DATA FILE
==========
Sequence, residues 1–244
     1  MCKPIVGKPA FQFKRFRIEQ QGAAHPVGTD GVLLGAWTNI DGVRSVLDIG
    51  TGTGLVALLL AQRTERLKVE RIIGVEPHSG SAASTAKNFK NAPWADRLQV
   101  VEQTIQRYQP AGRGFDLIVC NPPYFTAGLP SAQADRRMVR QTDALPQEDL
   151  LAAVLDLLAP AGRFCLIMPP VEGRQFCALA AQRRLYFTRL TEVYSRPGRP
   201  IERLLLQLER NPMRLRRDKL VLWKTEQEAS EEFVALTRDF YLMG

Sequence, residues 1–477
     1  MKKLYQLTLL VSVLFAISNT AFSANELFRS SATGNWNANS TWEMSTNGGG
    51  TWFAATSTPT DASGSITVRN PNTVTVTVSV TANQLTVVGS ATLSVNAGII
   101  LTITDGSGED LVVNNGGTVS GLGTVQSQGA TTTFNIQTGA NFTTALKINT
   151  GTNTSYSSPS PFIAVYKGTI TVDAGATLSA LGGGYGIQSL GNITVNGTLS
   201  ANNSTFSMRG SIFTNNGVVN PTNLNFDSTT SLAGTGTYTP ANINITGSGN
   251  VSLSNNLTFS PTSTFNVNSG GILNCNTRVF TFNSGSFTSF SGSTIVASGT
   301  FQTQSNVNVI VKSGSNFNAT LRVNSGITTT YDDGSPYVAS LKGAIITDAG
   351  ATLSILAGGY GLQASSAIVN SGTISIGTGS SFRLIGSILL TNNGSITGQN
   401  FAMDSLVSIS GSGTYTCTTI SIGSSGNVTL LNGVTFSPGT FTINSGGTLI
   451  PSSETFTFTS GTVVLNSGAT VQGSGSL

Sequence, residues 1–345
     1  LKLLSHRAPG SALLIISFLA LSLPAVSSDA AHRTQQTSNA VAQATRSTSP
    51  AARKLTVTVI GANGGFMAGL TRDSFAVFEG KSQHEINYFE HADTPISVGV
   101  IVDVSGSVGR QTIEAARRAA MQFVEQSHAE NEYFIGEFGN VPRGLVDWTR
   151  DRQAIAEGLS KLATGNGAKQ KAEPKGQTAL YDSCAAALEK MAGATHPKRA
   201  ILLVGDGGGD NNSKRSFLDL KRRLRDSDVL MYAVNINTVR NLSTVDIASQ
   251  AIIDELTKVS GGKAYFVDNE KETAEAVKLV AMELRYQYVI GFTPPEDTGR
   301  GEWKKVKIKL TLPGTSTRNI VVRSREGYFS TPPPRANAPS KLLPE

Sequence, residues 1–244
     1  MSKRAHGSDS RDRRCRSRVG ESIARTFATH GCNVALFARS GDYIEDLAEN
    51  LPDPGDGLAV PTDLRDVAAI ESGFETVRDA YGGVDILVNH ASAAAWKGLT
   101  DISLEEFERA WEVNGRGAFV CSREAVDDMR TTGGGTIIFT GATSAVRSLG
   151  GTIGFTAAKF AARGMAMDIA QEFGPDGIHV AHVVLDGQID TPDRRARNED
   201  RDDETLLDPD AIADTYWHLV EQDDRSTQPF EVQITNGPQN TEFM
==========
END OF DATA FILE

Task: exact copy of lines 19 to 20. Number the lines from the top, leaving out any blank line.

     1  LKLLSHRAPG SALLIISFLA LSLPAVSSDA AHRTQQTSNA VAQATRSTSP
    51  AARKLTVTVI GANGGFMAGL TRDSFAVFEG KSQHEINYFE HADTPISVGV